Hello! We are the Trent Film Society and we just want to give a huge thank you to everyone who has joined us for our past few screenings.

Firstly, we’d like to thank those who participated in the screening of Rocky Horror Picture Show, for without your enthusiasm and participation, the event would not have been the success that it was. Your excitement for fun occasions such as this one makes our jobs as TFS directors rewarding, and we look forward to holding similarly large-scaled events. Secondly, we’d love to give a shout-out to those who came out to last week’s screening of Jeremy Saulnier’s Green Room. The success of the screening was quite a nice surprise and we enjoy being able to delve into such fruitful discussions as the one this film initiated. While we loved showing you all of the horror films of October (and the first week of November), we thought that it would be quite nice to lighten things up a bit and transition to something less violent and scary.

We have a nice selection of films coming up in November, specifically drawing upon some classics of cinema which we thought would act as a nice form of escapism from the abundance of school work, such as Akira Kurosawa’s Rashomon (which we have been trying to get screened since last year and are super psyched about), Lo Wei’s Fists of Fury (starring the legendary Bruce Lee at the top of his game), and next week’s hilarious British tragicomedy, Withnail & I. We hope that you enjoy the lineup that we have for you this upcoming month and we are excited to engage in some classic
cinema with all of you fellow cinephiles. But before we get ahead of ourselves, let’s focus on next week’s film.

Withnail & I stars Richard E. Grant and Paul McGann as Withnail and Marwood, two struggling alcoholic actors (both unemployed and unemployable) who, when tired of their surroundings in Camden and in desperate need of a change in
fortune, decide to retreat to Withnail’s uncle’s cottage in the English countryside. While hoping for a nice and relaxing holiday, both of our main characters find themselves encountering one misfortune after another, including the unexpected arrival of Withnail’s rather peculiar and eccentric Uncle Monty.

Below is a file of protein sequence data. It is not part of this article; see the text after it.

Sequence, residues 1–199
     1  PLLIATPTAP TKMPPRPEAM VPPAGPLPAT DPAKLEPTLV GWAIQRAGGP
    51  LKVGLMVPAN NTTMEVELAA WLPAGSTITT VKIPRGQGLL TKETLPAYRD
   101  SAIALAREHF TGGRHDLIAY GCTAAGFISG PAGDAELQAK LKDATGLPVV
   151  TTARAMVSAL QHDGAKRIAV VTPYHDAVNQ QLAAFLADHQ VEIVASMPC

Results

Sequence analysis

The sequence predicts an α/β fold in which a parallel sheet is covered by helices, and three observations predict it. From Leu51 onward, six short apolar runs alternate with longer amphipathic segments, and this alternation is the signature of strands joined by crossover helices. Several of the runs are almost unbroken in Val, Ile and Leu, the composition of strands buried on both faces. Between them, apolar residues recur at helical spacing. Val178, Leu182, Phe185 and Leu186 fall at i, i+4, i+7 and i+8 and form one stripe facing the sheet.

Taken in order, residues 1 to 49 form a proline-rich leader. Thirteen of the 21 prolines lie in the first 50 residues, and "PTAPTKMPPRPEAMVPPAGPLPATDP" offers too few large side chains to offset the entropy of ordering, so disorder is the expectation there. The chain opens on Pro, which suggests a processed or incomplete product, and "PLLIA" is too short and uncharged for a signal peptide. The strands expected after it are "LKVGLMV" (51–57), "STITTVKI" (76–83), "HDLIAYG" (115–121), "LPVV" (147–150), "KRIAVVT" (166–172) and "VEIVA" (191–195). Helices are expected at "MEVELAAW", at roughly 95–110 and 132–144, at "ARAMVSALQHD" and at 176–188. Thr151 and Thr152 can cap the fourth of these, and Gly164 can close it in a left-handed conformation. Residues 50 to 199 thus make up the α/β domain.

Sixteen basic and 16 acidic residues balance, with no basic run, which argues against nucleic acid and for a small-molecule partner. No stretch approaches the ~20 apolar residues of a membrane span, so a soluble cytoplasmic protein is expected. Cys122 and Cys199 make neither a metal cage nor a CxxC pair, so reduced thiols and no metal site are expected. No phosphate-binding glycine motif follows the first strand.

The film, which is director Bruce Robinson’s first major project, was released in 1987 and was largely based on his experiences of being a struggling actor in the 1960’s, with the character of Marwood being mostly based off of Robinson’s exploits. Originally conceived as a novel, Robinson’s passed his story around to many friends in the publishing industry, but he was urged by many to use the material for a film instead. After adapting the screenplay, Robinson was encouraged to lead the venture, making Withnail & I his directorial debut.
The film is widely regarded by many as one of the greatest to be released from
Britain and also one of the funniest comedy films ever made. While a lot of the praise goes to the incredibly quotable humor of the film, what makes this such an engaging watch is its resonant themes regarding the passage of time and friendship. Robinson smartly utilizes the year and setting of his story (the end of the 1960’s, which Withnail continuously refers to as the end of “the greatest decade of mankind”) to highlight the characters’ quest to abandon their past irresponsible ways. Robinson portrays this struggle well by making Withnail reluctant to abandon his hard partying and heavy drinking lifestyle, which has affected his career as an actor, while Marwood, the more idealistic of the two, actively tries to secure an acting job and better his career. While there are many fascinating aspects of the film, the dynamic between the two main characters and how it relates to the time and setting of the story is what adds a lot to its appeal. With this dynamic, Robinson is able to brilliantly mine darkly clever humor out of the characters, craft a very relatable story about growing up, and also weave some tragic elements through the laughs, making the story feel very well-rounded and human. We do not want to give too much of the film away, so trust us when we say you do not want to miss this hilarious cult classic.

Like all of our other screenings, this film viewing is completely free and is open to the public. For those who are considering bringing children to the screening, just keep in mind that there is very strong subject matter in the film and it may not be suitable for young viewers. The screening will be taking place at Artspace on Wednesday November 9th at 8:00 pm. We hope to see many faces there!